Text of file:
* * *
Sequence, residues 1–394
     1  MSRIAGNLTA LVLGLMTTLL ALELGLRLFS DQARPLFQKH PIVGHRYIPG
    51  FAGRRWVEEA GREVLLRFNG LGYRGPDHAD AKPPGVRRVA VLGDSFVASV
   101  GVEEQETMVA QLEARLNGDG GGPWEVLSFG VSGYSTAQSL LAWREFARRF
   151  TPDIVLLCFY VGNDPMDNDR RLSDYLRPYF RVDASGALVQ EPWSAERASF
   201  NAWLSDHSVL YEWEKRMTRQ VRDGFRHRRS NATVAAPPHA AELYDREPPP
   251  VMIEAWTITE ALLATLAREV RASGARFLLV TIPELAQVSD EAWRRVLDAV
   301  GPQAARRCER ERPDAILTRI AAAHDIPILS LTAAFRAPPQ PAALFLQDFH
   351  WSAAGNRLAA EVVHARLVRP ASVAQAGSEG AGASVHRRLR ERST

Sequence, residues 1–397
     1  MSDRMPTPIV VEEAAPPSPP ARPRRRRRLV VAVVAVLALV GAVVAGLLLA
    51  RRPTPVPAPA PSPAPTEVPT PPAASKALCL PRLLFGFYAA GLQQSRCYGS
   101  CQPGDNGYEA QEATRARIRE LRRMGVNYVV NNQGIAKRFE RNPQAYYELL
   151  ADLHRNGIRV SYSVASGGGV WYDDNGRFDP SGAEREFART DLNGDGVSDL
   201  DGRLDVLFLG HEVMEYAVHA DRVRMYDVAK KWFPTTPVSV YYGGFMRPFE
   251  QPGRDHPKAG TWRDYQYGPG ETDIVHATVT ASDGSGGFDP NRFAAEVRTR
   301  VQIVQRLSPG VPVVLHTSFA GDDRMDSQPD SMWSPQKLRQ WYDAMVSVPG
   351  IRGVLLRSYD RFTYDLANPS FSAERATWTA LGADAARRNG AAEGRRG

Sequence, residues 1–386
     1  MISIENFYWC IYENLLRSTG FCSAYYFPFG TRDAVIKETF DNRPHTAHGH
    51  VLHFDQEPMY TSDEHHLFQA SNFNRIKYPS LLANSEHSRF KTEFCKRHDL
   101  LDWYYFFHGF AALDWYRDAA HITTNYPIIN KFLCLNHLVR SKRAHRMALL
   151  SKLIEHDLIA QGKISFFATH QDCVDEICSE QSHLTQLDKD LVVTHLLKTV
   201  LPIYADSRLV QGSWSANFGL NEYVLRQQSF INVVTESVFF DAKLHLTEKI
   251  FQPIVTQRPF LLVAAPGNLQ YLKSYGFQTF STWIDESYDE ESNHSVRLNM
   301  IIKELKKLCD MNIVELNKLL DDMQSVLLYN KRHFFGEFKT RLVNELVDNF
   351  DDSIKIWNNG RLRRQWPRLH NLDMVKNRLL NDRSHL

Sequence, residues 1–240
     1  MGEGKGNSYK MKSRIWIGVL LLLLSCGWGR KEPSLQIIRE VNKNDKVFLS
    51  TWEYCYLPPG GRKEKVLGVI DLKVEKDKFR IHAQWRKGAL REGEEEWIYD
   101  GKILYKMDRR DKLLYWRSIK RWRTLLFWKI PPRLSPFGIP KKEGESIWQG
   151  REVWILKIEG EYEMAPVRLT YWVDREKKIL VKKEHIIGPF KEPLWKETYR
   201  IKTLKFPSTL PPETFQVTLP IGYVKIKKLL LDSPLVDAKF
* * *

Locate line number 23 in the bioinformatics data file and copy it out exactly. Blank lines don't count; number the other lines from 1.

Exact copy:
   151  SKLIEHDLIA QGKISFFATH QDCVDEICSE QSHLTQLDKD LVVTHLLKTV